15 March 2011
Luanda — The special representative of UN secretary general for sexual violence matters, Margot Walltrom, Monday in Luanda, discussed with Angolan foreign minister, Georges Chikoti, issues concerning allegations of sexual abuse at the border with the Democratic Republic of Congo (DRC).
Margot Walltrom was speaking to the press at the end of the audience granted to her by minister Chicoti.
The UN official on the occasion thanked the Angolan authorities for the invitation and assistance extended for her to travel to northern Lunda Norte province to investigate into the Congolese allegations.
She said it was an interesting visit and enabled to understand the Angolan Government's challenges and responses.
The official said the Government and the UN have common interests and any sexual violation against women or children is unacceptable.
According to Margot Walltrom, she has had the opportunity to discuss with the Congolese authorities and with health services personnel who said there are several cases.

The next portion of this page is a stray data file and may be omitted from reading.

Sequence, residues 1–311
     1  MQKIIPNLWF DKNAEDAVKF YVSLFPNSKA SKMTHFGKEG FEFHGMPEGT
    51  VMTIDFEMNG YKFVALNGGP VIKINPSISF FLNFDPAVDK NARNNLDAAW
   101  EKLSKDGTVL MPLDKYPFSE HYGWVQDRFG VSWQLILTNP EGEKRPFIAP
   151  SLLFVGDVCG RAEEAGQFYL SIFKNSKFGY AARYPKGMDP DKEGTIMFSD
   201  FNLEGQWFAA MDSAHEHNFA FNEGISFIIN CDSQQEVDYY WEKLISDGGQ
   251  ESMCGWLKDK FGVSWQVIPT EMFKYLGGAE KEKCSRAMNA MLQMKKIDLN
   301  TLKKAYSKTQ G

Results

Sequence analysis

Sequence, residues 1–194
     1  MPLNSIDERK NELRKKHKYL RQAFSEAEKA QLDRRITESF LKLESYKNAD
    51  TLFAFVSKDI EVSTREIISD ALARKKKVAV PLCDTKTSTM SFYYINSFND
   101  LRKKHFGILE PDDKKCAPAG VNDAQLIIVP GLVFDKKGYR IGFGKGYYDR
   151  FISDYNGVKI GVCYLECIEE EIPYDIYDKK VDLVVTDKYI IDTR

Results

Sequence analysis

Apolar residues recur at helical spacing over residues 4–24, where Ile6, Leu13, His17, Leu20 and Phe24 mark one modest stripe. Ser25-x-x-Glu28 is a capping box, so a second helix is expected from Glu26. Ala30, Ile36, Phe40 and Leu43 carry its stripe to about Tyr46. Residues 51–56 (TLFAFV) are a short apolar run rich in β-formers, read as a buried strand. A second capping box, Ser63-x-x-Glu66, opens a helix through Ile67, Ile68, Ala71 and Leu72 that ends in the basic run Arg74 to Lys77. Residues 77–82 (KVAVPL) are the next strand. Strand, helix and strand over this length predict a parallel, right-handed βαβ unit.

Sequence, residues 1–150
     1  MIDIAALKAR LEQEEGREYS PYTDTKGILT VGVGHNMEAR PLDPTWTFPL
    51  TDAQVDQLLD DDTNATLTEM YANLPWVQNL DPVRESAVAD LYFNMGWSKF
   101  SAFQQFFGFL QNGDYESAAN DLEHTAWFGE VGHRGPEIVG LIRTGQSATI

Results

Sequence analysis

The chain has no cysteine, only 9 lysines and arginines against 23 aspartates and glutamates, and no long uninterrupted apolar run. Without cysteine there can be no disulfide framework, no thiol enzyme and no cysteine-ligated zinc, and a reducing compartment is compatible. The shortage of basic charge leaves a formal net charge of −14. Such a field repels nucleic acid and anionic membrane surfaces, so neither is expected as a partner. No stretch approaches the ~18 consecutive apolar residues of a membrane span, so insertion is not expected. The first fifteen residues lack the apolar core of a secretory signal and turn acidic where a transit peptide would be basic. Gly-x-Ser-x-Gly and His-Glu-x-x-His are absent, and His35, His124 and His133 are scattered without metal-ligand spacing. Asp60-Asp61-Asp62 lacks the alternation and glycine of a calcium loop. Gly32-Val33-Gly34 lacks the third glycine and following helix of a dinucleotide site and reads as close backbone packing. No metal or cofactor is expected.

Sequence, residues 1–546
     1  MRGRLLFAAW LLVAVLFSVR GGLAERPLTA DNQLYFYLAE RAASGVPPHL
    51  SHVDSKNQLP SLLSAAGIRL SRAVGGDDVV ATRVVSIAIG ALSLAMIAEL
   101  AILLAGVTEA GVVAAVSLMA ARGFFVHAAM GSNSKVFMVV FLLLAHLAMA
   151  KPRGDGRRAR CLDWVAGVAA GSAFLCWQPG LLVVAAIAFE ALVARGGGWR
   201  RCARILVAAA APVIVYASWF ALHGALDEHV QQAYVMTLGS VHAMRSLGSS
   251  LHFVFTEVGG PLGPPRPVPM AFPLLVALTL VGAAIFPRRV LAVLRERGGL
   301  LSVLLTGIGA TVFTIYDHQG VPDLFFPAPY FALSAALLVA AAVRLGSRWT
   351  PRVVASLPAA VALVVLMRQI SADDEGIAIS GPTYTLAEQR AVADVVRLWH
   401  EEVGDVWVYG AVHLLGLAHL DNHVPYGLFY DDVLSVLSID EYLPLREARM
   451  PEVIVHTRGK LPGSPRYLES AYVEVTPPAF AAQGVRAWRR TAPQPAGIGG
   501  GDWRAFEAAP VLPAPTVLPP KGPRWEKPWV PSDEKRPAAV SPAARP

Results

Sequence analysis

However, the UN official said what she learned from his short visit she is not in a position to say there have been systematic violations.
She assured that the UN, together with Angolan authorities, will do their best to prevent sexual violations.
Margot Walltrom said the parties had a constructive talk, having agreed there will be no tolerance to those who commit sexual abuse.
On the other hand, the official encouraged the Congolese Government to produce proofs of sexual abuses and said Angolan Government has pledged to notify the UN about massive repatriation operations.
In his turn, the Angolan Foreign minister, Georges Chikoti, expressed satisfaction with the visit of Margot Walltrom, saying it has led to a methodology to deal with these matters with the involvement of the United Nations.
He said Angola has nothing to conceal as it is conscious there has been no systematic violations as alleged, adding the Congolese authorities failed by speaking of matters they can not prove.
On the other hand, he reiterated that Angola will not cease expelling illegal immigrants, pledging to share existing appropriate mechanisms and invite UN involvement.
He explained that illegal immigration has a damaging impact on the country's socio-economic and environmental structures, warning that there might be women prostitution and trafficking networks involved.
"There are matters the Governments must investigate. But I think that this visit has been very fruitful and will enable us to work better. There is no crisis and we are here to work better with the UN and other partners. Angola has no fault, as we are a responsible government," said the minister.